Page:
As will be apparent from Table III, Column A, the signals on the lines 33, 34 and 35 which differ in the delay time from each other correspond to the different frequency dividing ratios. Accordingly, the frequency divided output changes depending upon which signal of the lines 33 - 35 is used as the reset signal. If, for example, the frequency divided output obtained when the signal on the line 34 is used as the reset signal is taken as a reference frequency fc/m (where fc represents the frequency of the master clock pulse φ) under a condition m = n + 2, the frequency divided outputs on the lines 33 - 35 becomes fc/(m - 1), fc/m and fc/m + 1 as shown in Table III, Column B. The frequency divided output fc/(m - 1) obtained from the output terminal 9 when the signal on the line 33 is used as the reset signal is higher than the reference frequency fc/m, whereas the frequency divided output fc/m + 1 obtained when the signal on the line 35 is used as the reset signal is lower than the reference frequency fc/m. The content of the digital numerical value read from the read-only memory 6 is set at such a value that the reference frequency divided output fc/m (Hz) is equivalent to the normal pitch of a tone selected by the keyboard switch circuit 5.

If the vibrato switch 36 is closed, a signal "1" is applied to the reset input of the shift register 37 to reset the content thereof. When the output of the shift register 37 becomes all "0", the output of a NOR circuit 38 becomes a signal "1" and, accordingly, an AND circuit 39 is enabled. Since AND circuits 43, 44 and 45 to which output lines 40, 41 and 42 of the 3 stage shift register 37 are connected are not enabled, the signal on the line 34 only is applied to the reset input of the shift register 1 vai the AND circuit 39 and an OR circuit 46. In this case the reference frequency divided output fc/m only is obtained and no vibrato effect is produced.

If the vibrato effect is desired, the vibrato switch 36 is switched off as shown in FIG. 4. In this case, the shift register 37 is not reset but successively shifts the signal "1" supplied from the NOR circuit 38 in accordance with a pulse VP produced by a vibrato oscillator 47, providing a signal "1" sequentially on the lines 40, 41 and 42. When all of the output on the lines 40 - 42 become "0", the output of the NOR circuit 38 becomes "1" again, which signal "1". is applied to the shift register 37. Thus, the signals on line 50 (the output of the NOR circuit 38) and lines 40, 41 and 42 become "1" repeatedly and sequentially with the result that the AND circuits 39, 43, 44 and 45 are repeatedly enabled. The signal on the line 34 first becomes the reset signal for the shift register 1 by enabling of the AND circuit 39. Nextly, the signal on the line 35 becomes the reset signal by enabling of the AND circuit 43. Subsequently, the signals on the lines 34 and 33 become the reset signal, one after another, by sequential enabling of the AND circuit 44 and 45. Accordingly, the delay line used for supplying the reset signal to the shift register 1 cyclically changes line 34 - 35 34 - 33 with the result that the frequency of the frequency divided output periodically changes in the order of fc/m, fc/m + 1, fc/m, fc/m - 1 returning to the initial fc/m and subsequently repeating the change in the same order. As the pitch cyclically changes increasingly and decreasingly with respect to the normal pitch fc/m, a vibrato effect is produced. Since one cycle of the change of the frequency divided output (changing in four states) constitutes a vibrato cycle, the frequency of the oscillated pulse VP from the vibrato oscillator is set at 28 Hz for example, if vibrato of 7Hz is desired. Accordingly, the AND circuits 39, 43, 44 and 45 are enabled in turn at a rate of 28 Hz. Generally speaking, the rate at which a signal "1" appears on the line 33, 34 or 35 (i.e., the pitch of the generated tone) is higher than the above described rate.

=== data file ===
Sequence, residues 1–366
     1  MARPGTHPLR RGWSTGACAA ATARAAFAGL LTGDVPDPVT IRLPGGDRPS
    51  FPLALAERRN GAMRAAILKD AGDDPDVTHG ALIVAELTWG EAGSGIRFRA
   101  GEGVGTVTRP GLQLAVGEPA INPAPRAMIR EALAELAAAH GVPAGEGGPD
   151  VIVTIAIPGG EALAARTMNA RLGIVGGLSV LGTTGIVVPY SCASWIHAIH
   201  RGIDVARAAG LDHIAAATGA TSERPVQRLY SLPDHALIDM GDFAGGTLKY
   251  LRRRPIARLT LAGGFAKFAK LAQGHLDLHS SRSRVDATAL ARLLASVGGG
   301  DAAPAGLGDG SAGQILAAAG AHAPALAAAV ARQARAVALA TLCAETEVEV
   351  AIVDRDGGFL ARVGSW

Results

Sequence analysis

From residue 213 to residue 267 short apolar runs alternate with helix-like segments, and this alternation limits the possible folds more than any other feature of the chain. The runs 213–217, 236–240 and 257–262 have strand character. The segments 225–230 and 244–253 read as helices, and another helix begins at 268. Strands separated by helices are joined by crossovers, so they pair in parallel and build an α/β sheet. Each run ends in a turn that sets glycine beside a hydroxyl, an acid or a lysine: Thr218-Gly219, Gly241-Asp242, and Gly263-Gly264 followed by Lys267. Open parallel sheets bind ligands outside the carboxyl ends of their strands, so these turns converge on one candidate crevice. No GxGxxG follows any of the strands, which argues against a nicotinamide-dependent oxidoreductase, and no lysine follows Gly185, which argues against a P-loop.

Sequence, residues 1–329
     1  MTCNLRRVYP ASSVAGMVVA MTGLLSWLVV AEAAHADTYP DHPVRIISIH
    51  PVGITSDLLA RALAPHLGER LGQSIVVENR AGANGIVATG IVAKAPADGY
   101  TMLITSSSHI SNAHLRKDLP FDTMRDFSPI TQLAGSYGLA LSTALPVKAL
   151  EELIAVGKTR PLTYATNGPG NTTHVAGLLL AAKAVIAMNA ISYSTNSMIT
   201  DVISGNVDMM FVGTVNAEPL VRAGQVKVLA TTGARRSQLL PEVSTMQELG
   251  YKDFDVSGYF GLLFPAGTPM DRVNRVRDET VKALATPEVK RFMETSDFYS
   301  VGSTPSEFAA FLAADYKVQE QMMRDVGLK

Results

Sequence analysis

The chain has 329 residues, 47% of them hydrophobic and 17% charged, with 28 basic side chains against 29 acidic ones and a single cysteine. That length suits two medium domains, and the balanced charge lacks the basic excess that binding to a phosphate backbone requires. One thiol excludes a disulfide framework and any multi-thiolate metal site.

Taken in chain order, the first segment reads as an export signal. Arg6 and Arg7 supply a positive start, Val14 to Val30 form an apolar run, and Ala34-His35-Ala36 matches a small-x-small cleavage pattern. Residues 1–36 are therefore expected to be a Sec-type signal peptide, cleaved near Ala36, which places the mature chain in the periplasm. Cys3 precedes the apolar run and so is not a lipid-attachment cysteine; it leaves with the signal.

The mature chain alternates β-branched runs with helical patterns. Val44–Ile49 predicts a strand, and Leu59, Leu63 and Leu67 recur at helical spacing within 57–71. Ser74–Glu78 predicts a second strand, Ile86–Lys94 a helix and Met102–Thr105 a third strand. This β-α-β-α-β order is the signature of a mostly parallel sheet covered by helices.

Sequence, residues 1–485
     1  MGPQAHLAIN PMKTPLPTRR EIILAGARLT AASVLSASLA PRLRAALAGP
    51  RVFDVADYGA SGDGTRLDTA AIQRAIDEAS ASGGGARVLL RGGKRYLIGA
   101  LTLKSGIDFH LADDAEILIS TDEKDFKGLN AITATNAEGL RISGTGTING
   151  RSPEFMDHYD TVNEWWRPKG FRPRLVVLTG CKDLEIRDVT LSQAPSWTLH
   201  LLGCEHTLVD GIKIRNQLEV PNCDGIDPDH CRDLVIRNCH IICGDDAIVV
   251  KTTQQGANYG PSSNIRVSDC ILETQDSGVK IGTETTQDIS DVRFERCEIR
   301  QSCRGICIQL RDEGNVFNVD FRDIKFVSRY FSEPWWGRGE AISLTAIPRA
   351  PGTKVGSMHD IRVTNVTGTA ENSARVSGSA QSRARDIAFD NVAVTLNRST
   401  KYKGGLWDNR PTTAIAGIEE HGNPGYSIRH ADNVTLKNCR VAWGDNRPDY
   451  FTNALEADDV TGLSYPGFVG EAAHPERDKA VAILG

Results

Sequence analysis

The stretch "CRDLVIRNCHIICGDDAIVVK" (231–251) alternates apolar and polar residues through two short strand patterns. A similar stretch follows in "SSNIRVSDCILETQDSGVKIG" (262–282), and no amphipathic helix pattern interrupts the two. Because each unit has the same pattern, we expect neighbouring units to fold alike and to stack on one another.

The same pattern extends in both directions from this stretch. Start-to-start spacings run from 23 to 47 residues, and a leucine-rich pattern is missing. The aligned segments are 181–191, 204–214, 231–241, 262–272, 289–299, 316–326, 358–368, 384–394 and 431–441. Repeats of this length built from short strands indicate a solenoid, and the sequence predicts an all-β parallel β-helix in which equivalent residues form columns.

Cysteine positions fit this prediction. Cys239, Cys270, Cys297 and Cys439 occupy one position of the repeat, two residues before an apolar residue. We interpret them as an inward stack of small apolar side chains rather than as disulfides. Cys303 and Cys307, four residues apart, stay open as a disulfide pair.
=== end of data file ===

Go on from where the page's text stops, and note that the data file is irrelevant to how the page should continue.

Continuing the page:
The shift registers 32 and 37 may be constructed of a suitable type of counter or decoder. Further, the number of stages of these shift registers 32 and 37 may be suitably increased.

FIG. 5 shows the embodiment of the tone generator according to the invention which is capable of variably adjusting the vibrato depth. In FIG. 5, only a circuit portion related to a vibrato imparting circuit 11B is illustrated and the other circuit portion which is substantially the same as the corresponding circuit portion shown in FIG. 4 is omitted. In the vibrato imparting circuit 11B, the output of the delay flip-flop 8 is applied to a 4-stage shift register 52 and shifted therein in accordance with the master clock pulse φ. Signals on an output line 53a of the delay flip-flop 8 and output lines 53b, 54, 55b and 55a of the respective stages of the shift register 52 appear in turns with a delay of one bit time from each preceding signal. Accordingly, assuming that the signals on the lines 53a, 53b, 54, 55a are used as the reset signal for the shift register 1 (FIG. 4), frequency dividing ratios as shown in the following Table IV, Column A are produced. Frequency divided outputs in this case are as shown in Table IV, Column B with the line 54 being taken as a reference frequency and under a condition n + 3 = m.

              Table IV______________________________________                     n + 3 = m     A               B______________________________________reset     frequency dividing                     frequency dividedsignal    ratio           output (Hz)______________________________________line 53a      ##STR7##                      ##STR8##line 53b      ##STR9##                      ##STR10##line 54      ##STR11##                      ##STR12##line55b      ##STR13##                      ##STR14##line 55a      ##STR15##                      ##STR16##______________________________________